Martin Seligman, professor of psychology at the University of Pennsylvania, is one of the founders of positive psychology. He suggests a link between autonomy and optimism. To the extent that people feel more in control of their lives, they tend to be happier, healthier and more optimistic about the future.
Ipsos’s survey results provide some evidence for this view. Ipsos asks respondents to agree or disagree with the following statement: “I will make some personal resolutions to do some specific things for myself or others in 2022.” In China, 94 percent of the respondents answered affirmatively, well above the 75 percent country-average.
In fact, there is a fairly strong correlation between optimism (those that believe that 2022 will be better for them than 2021) and the intent to undertake resolutions (Figure 3). The Swedes seem to be a bit of an outlier here, as they tend to be optimistic even though they don’t plan on making resolutions. If we eliminated the Swedish responses, there would be a large increase in the correlation.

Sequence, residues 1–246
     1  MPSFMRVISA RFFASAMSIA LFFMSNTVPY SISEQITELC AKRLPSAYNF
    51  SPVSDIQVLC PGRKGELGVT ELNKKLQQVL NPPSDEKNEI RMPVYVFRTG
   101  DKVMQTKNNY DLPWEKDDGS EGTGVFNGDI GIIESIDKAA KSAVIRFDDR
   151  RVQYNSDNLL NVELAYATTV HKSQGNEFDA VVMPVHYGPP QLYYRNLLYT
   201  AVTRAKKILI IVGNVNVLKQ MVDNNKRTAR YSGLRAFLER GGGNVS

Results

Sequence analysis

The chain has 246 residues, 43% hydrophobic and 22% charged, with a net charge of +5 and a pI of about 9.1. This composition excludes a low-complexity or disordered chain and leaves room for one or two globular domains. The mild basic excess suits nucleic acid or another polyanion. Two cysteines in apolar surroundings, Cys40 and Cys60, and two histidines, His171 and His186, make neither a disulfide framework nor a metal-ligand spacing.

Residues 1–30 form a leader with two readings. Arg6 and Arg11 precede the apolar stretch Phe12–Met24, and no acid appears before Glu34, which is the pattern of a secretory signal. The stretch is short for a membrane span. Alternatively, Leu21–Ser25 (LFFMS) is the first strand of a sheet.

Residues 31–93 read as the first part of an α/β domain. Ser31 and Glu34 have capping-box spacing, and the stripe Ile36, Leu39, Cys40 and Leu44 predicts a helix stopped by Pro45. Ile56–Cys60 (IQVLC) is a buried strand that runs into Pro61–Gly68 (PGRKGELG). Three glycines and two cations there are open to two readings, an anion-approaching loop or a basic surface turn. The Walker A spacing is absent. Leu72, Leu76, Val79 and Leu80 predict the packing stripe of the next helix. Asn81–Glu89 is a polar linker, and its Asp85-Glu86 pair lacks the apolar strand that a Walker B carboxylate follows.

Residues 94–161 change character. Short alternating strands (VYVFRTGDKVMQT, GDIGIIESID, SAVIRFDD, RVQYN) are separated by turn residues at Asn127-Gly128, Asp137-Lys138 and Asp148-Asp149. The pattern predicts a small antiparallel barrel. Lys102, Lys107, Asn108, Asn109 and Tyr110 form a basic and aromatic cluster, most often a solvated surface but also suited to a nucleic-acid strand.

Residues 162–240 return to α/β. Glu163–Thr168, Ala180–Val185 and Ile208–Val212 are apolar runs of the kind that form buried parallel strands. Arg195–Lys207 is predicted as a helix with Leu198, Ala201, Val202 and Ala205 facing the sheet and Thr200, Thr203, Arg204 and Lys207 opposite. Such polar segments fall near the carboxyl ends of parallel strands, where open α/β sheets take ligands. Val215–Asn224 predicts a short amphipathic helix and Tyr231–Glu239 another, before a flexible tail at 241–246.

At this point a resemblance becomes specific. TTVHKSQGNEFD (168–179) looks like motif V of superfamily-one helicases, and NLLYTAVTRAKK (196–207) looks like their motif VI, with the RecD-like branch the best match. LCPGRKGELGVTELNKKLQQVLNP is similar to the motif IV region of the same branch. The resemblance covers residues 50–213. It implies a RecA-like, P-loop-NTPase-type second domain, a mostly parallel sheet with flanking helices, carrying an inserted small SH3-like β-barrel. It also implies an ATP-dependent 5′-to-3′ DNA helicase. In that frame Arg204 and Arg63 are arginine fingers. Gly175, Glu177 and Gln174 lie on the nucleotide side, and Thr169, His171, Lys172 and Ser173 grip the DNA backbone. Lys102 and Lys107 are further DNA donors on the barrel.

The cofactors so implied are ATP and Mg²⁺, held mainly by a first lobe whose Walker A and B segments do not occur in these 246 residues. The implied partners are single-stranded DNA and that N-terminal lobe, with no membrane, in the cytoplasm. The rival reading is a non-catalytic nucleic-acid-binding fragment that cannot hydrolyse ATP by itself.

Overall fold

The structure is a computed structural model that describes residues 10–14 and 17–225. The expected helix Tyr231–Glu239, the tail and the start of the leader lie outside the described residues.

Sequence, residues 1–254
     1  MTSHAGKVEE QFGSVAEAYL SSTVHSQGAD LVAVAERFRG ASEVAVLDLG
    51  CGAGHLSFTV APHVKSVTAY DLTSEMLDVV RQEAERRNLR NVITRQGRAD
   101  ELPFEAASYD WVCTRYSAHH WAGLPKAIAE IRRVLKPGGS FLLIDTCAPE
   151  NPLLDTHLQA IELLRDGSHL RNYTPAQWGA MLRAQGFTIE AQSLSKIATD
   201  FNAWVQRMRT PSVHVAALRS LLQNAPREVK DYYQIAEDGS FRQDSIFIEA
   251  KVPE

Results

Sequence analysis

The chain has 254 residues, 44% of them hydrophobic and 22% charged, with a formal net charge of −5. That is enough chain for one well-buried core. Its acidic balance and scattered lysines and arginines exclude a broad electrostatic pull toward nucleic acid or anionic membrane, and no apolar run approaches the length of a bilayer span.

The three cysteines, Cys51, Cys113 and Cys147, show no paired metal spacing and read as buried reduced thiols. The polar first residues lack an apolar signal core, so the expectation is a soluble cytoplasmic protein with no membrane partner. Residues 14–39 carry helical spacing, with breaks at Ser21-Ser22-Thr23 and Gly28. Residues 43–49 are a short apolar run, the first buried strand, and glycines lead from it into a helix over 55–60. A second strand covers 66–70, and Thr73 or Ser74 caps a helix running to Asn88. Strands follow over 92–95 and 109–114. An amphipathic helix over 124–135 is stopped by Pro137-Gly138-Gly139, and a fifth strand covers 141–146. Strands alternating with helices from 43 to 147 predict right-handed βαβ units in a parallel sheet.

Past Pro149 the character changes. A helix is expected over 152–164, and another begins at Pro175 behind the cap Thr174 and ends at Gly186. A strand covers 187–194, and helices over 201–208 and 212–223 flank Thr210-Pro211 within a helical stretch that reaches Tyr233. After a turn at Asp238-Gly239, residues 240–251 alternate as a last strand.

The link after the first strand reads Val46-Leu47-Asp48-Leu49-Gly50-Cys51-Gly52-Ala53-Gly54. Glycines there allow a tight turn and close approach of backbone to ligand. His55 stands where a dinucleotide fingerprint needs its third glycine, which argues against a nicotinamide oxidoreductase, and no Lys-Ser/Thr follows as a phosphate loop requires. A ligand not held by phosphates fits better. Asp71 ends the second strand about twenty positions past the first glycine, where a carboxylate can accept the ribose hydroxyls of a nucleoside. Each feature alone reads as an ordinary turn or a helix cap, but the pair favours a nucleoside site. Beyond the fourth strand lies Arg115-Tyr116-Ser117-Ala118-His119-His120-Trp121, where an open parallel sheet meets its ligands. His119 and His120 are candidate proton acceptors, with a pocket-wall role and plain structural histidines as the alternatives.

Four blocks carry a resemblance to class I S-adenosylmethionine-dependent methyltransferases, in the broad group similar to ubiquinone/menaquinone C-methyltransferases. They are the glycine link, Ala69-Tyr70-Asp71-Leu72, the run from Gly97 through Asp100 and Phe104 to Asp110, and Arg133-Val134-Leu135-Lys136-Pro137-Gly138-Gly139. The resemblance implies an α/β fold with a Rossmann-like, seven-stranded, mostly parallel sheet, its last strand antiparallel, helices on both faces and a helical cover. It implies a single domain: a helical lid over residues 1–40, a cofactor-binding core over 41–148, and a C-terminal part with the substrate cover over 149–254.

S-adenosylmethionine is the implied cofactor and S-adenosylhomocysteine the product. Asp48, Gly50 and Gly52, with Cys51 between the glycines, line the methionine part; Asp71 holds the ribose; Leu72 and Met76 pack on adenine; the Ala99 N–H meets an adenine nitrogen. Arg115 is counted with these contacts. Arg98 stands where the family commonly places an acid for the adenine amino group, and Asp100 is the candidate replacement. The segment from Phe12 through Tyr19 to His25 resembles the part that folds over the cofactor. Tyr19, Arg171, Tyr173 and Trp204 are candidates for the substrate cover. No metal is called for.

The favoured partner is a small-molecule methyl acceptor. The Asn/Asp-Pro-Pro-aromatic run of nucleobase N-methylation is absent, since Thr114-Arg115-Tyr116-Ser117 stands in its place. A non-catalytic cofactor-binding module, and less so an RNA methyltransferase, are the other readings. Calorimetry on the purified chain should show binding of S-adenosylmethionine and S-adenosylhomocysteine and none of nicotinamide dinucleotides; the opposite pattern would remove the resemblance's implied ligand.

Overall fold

Ipsos’s results and those of other surveys indicate that residents of emerging market and developing countries tend to be more optimistic than those of advanced countries. This suggests that optimism could be linked to demographic and economic fundamentals.